Babka or Badka?

I have made many a rave review about Babka before. It ranks near the top of my list as far as favourite breakfast places in Melbourne are concerned. They make a kickass scrambled eggs on toast, the mushrooms are completely out of this world, and the shoofly buns are even better. But there is a problem.

On my last couple of visits there, it seems like it has been cursed by the curse of the popular. It’s not the long queues that were off-putting; it was the snobbery of the place that made me one very pissed-off customer. They make no qualms about displaying their displeasure; they won’t serve you if you arrive 5 minutes before seven even though the doors are already open and sign outside doesn’t tell you that they’re still closed.

I hate snobbery in good places. Actually, I just hate snobbery! Especially when I made a special trip down to Brunswick Street in hopes of a lovely breakfast all by myself. When I arrived, I was greeted by none other than a/the very cold waitress whose eyes had the most icy stare in them. She looks like the maitre’d.

“Table for one please”, I muttered before she waved her hand in the direction of the table near the window sill without casting me a second glance – ah, perfect. That’s my favourite seat. “Do you need a menu to order?”, she asked. Duh. Menus are one of those things you offer a customer when they sit down; food, or drink, is what you ask a customer to order. Asking me if I needed a menu to order was a simple display of service slip-shoddery.

The situation was redeemed quickly enough by a chirpy waitress who offered to take my drink order. I ordered a skinny latte (the first coffee I had in 2 months by the way), but when it came, it was a disappointment. The coffee was burning hot; anyone knows that coffee that scalds your lips equals burnt coffee/milk. But I let it pass since it’s not one of the big boys in the coffee scene. I placed my order of poached eggs on toast this time. Said chirpy waitress also acceded t0 my strange request of “with a slice of vege toast and multigrain toast” instead of the usual white casalinga. She saves the day.

I sipped my coffee (although barely – I drank no more than a tenth of the glass) and flipped through my paper while waiting on my breakfast order. 5 minutes passed; they might be busy. 10 minutes passed; they must be REALLY busy. 15 – ok this is getting a bit much but patience is key; 20 – it took me 5 minutes to finally get the attention of the waitress. Chirpy waitress came. “Excuse me, I’ve been waiting a really long time for my order to come. Could you please help me check if it’s ready?”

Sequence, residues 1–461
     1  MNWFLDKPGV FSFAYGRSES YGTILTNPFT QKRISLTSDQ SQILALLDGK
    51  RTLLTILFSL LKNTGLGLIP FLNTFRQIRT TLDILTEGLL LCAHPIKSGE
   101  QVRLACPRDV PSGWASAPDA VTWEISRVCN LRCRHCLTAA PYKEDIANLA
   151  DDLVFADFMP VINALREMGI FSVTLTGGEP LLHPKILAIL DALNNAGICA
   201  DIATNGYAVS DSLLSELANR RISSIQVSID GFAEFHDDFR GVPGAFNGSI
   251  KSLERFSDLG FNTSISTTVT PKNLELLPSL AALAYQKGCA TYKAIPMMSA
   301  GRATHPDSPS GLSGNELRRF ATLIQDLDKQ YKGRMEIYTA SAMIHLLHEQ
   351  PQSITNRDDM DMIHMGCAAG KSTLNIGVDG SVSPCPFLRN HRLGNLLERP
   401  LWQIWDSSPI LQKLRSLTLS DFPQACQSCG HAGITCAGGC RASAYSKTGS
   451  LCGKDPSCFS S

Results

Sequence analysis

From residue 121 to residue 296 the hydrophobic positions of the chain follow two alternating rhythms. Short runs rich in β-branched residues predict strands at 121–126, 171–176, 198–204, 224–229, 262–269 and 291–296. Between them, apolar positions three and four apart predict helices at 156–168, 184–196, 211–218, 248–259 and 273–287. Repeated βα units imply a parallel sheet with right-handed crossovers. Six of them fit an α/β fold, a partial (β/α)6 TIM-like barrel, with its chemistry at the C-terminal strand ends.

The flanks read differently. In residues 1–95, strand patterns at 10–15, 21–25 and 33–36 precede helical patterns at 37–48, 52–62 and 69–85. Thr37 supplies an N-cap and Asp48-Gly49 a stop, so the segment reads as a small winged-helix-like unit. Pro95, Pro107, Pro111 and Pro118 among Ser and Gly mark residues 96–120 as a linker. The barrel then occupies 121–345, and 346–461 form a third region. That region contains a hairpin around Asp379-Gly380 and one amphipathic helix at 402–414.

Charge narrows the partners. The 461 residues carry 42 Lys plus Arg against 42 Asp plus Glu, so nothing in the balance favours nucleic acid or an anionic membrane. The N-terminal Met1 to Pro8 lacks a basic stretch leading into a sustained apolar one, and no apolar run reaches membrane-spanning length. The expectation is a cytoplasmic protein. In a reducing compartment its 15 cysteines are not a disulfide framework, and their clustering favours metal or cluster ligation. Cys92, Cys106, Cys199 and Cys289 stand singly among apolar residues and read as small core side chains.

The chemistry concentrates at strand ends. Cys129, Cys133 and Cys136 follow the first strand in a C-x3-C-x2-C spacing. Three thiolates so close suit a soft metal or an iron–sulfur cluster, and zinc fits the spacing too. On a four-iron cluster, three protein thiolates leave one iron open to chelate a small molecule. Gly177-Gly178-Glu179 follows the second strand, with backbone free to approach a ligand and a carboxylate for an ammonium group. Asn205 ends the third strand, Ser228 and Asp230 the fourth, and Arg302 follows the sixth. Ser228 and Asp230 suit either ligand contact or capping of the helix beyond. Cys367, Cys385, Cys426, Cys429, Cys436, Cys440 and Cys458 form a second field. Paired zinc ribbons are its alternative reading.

Soon enough she came back. “I’m sorry but your order has accidentally been wiped off but I’ll get them to make one for you again”.

WT*?! First of all, I was obviously miffed that my order was wiped off; secondly, that they took 20 minutes and a customer’s request to figure out that their breakfast hasn’t arrived yet is completely unacceptable; they may be busy, but they’re definitely not a 40-tabled restaurant with only 5 staff on hand. I cancelled my order in the end and ordered a hot cross bun instead. This time it wasn’t good either; the bun arrived at my table cold, whereas in the past it would always be sliced into half and toasted. There was no doubt the bun tasted great, but by then the repeated disappointments overshadowed the good food.

And just to add salt to the wound, a snobby couple pushed their way through the tables and plonked their arses onto the two seats next to mine. I have no problem with sharing the space, but a simple courteous “excuse me” would have been nice, especially when I was already struggling to find space on that meagre benchtop with my toast, coffee and paper. Perhaps if Babka really wanted to improve their quality of service (which is in the dire straits), a suggestion would have been for the waitress to ask if it were ok if I shared the space. Whatever happened to basic courtesy?

On a side note, I noticed that the Cold Waitress was particularly warm to other customers, but cold to me. It doesn’t help her cause when I realise that I’m the only Asian amidst the whole sea of Caucasians. It also wasn’t the first time that the Jman and I observed/encountered this. Do we sense an undercurrent of racism there? Or are we just being oversensitive?

Whatever the case, there should be no excuse for poor service regardless of who your customers are. Would we return to Babka? Absolutely not for a sit-in meal anymore (because you are actually charged extra for sit-in service, and I don’t see why I should be paying for service when I’m not getting it), but there is no doubt they still make a pretty good loaf of bread. That said, there’s always Dench and Natural Tucker down the road from where I live!


One Response to “Babka or Badka?”

  1. what a shame! i hate it when things like this happen. then, i will have to give up the food i like. it happened to me a few times and i just made a decision to boycott that stall or company.

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